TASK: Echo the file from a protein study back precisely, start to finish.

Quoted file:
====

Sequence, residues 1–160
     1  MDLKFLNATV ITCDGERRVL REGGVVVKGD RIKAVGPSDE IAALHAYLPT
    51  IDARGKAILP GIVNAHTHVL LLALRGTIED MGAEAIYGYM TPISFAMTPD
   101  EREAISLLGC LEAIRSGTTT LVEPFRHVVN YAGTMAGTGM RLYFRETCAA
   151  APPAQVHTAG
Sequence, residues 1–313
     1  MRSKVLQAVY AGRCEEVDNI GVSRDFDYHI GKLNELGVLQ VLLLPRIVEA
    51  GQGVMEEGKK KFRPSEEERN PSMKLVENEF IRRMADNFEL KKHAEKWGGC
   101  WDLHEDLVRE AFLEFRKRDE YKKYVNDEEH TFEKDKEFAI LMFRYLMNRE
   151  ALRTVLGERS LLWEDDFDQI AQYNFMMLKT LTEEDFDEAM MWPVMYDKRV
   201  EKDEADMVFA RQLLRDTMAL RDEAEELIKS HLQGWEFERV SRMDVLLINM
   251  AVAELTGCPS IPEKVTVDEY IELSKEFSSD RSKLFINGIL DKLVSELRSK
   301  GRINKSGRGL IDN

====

Sequence, residues 1–160
     1  MDLKFLNATV ITCDGERRVL REGGVVVKGD RIKAVGPSDE IAALHAYLPT
    51  IDARGKAILP GIVNAHTHVL LLALRGTIED MGAEAIYGYM TPISFAMTPD
   101  EREAISLLGC LEAIRSGTTT LVEPFRHVVN YAGTMAGTGM RLYFRETCAA
   151  APPAQVHTAG
Sequence, residues 1–313
     1  MRSKVLQAVY AGRCEEVDNI GVSRDFDYHI GKLNELGVLQ VLLLPRIVEA
    51  GQGVMEEGKK KFRPSEEERN PSMKLVENEF IRRMADNFEL KKHAEKWGGC
   101  WDLHEDLVRE AFLEFRKRDE YKKYVNDEEH TFEKDKEFAI LMFRYLMNRE
   151  ALRTVLGERS LLWEDDFDQI AQYNFMMLKT LTEEDFDEAM MWPVMYDKRV
   201  EKDEADMVFA RQLLRDTMAL RDEAEELIKS HLQGWEFERV SRMDVLLINM
   251  AVAELTGCPS IPEKVTVDEY IELSKEFSSD RSKLFINGIL DKLVSELRSK
   301  GRINKSGRGL IDN